With Germany playing a larger international role, foreign policy and global security are major campaign issues. Here's where the major political parties stand on issues ranging from NATO to North Korea.
The European Union would be worse off without Poland and Hungary, the Hungarian prime minister has said, praising Poland's economic results after meeting his Polish counterpart in Warsaw on Friday.
For a tantalizing two months in the spring, it looked as if Germany might actually have something like a real election this year—that is, a contest between at least two candidates with distinct policy programs that both have a chance of forming a government.
After years of heating up, the EU’s values crisis is close to boiling point. Defiance of core EU principles by the governments in Warsaw and Budapest is turning into a political crisis. The European Commission has taken legal action against both governments for violating specific EU laws and is threatening to go further on Poland. The European Parliament supports this course and is preparing further action against Hungary. But the Hungarian and Polish governments will feel the heat only if political leaders of the EU’s other member states get actively involved.
Answers as to why Russia has proposed the UN protection mission for the OSCE Special Monitoring Mission in Ukraine are fleeting. This initiative from its outset appears to be highly questionable even without considering whatever hidden agenda the Kremlin is pursuing.
The United Nations will be hosting the annual Treaty Event next week at its Headquarters in New York, inviting Member States to sign multilateral treaties deposited with the Secretary-General or to become parties to them by depositing instruments of ratification or accession.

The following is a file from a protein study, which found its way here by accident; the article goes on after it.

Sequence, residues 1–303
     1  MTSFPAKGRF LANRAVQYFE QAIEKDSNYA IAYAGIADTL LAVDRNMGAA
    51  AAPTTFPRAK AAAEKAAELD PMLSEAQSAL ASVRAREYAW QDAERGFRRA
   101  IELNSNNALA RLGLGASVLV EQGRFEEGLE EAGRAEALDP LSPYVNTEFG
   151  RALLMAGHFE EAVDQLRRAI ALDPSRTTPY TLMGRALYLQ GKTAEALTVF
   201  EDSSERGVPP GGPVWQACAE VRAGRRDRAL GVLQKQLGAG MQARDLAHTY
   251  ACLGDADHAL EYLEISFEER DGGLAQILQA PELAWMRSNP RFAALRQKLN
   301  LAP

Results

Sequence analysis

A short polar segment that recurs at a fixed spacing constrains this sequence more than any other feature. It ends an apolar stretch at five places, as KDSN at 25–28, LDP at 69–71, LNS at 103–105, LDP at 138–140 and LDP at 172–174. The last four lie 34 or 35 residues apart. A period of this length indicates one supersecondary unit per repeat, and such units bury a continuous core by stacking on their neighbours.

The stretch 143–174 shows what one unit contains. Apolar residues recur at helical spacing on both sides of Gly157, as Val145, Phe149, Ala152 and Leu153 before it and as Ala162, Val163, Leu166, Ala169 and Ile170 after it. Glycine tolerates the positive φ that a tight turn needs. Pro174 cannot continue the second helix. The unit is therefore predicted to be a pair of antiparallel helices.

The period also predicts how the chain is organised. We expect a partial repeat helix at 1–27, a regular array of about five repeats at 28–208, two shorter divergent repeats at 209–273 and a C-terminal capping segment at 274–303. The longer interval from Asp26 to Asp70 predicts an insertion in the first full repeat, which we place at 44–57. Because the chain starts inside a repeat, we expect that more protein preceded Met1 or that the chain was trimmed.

On September 1, 2017, President Petro Poroshenko announced that the National Security and Defense Council (NSDC) would issue instructions to tighten and strengthen Ukrainian borders, a major feature of which would be the stringent requirement that Russian citizens possess biometric passports when entering Ukraine (President.gov.ua, September 1). This NSDC decision announced by the President put an end to a longstanding internal debate with that body.
Just six months ago, predictions of imminent revolution in world politics were all the rage in Russia and beyond. Observers saw plenty of signs of impending cataclysms: the UK’s decision to leave the European Union, the victory of a political outsider in the U.S. presidential election, the rise of far-right populism and anti-globalism in the West, and the wave of migration threatening to engulf Europe.
European Commission Chief Jean Claude Juncker urged the European Parliament on Wednesday to put Western Balkan integration higher on the agenda.
German Chancellor Angela Merkel held a traditional summer news conference on Tuesday, just less than a month before Germany’s Sept. 24 federal election, and appeared optimistic about Greece’s path to economic growth.